MŠK Žilina lost all six of their games in the competition that season, with a goal difference of -16. This defeat certainly didn’t help. No Slovak side has appeared in the Champions League since.

KRC Genk opened up their 2011-12 UEFA Champions League campaign with a solid 0-0 draw at home to Valencia, but suffered a disastrous defeat in the return match just two months later.

La Liga side Valencia put seven past the Belgian club without reply, with three of those coming in the first half via Roberto Soldado. The Spanish striker scored a hat-trick within 39 minutes, which at the time was the fourth earliest hat-trick scored in the competition’s history.

Despite this victory, Valencia still exited at the group stage of the competition in 2011-12, finishing behind Bayer Leverkusen and Chelsea. Scoring only five goals in their other five games certainly didn’t help.

Bayern Munich followed up a 7-1 victory over Hoffenheim in the German Bundesliga with another seven-goal hammering just three days earlier. Mario Gomez scored three in that league win but went one better in this Champions League fixture and became the first German player to score four goals in a single match in the history of the competition.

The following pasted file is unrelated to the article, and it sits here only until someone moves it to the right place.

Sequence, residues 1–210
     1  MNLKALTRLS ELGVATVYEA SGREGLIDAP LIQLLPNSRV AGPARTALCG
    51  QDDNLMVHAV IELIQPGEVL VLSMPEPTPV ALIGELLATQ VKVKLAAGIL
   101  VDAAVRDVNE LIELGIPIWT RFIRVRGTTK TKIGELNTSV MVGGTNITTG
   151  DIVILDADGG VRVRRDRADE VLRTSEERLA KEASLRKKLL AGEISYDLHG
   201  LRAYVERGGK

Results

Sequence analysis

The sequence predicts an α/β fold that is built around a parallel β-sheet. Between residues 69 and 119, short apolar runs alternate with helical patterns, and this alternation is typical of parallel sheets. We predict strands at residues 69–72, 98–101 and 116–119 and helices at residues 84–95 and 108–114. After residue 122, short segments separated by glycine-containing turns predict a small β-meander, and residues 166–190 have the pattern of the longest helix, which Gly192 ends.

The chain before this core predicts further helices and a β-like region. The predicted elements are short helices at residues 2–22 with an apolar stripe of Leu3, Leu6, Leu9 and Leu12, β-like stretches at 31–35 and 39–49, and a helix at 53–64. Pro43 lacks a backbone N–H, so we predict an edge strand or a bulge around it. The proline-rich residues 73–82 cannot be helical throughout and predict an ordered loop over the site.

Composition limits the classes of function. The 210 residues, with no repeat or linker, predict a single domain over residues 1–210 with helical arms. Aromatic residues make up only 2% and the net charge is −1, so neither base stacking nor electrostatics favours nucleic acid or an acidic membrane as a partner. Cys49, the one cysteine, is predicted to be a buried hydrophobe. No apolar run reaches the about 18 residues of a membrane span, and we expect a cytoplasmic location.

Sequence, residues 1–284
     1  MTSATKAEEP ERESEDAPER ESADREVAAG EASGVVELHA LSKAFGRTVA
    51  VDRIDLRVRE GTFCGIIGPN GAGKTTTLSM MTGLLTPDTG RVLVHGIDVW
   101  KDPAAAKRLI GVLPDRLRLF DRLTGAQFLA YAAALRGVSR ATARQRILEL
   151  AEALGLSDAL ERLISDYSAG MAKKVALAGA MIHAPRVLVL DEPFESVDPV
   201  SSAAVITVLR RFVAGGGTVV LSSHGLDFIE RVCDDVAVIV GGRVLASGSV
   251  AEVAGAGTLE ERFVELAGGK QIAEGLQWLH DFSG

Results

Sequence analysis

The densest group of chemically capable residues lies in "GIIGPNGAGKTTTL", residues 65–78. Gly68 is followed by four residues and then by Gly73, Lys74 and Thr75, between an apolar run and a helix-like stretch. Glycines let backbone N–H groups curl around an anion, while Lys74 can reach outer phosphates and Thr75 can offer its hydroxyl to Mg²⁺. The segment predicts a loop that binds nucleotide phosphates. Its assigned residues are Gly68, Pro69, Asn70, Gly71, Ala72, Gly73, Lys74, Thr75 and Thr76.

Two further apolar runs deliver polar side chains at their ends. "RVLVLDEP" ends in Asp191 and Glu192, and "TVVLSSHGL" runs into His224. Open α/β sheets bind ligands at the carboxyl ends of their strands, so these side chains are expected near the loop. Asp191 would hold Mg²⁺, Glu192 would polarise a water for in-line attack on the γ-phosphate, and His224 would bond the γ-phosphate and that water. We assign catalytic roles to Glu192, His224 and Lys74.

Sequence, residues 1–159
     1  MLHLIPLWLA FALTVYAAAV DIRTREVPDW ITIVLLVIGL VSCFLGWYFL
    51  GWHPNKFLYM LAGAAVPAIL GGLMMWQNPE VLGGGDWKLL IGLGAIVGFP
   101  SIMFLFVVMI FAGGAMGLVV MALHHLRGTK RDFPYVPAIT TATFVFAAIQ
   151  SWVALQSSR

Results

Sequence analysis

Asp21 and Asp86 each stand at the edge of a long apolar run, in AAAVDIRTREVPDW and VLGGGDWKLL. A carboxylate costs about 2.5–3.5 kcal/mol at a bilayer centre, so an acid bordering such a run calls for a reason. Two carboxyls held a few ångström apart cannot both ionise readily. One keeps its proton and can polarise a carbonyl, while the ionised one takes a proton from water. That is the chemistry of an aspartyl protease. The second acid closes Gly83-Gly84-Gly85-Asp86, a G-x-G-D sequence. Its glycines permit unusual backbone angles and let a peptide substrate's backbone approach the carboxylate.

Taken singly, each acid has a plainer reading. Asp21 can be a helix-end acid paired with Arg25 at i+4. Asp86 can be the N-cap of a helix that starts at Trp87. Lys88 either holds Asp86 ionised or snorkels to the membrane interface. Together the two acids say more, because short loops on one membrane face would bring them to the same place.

This was the first time that a team had scored as many as seven goals in a knockout stage game of the Champions League and was the second leg of a tie that Basel were leading 1-0 following a meeting in Switzerland.

Bayern went on to reach the final that season but lost on penalties to Chelsea in their home stadium.

This game was over by half-time, with Ukrainian champions Shakhtar Donetsk leading 6-0 at the break and becoming the first and so far, only, team in Champions League history to score six goals in the opening 45 minutes of a game. Luiz Adriano helped himself to four of these and added his fifth and Shakhtar’s seventh in the second half, with the Brazilian becoming just the second player to score five times in a single UCL match after Lionel Messi.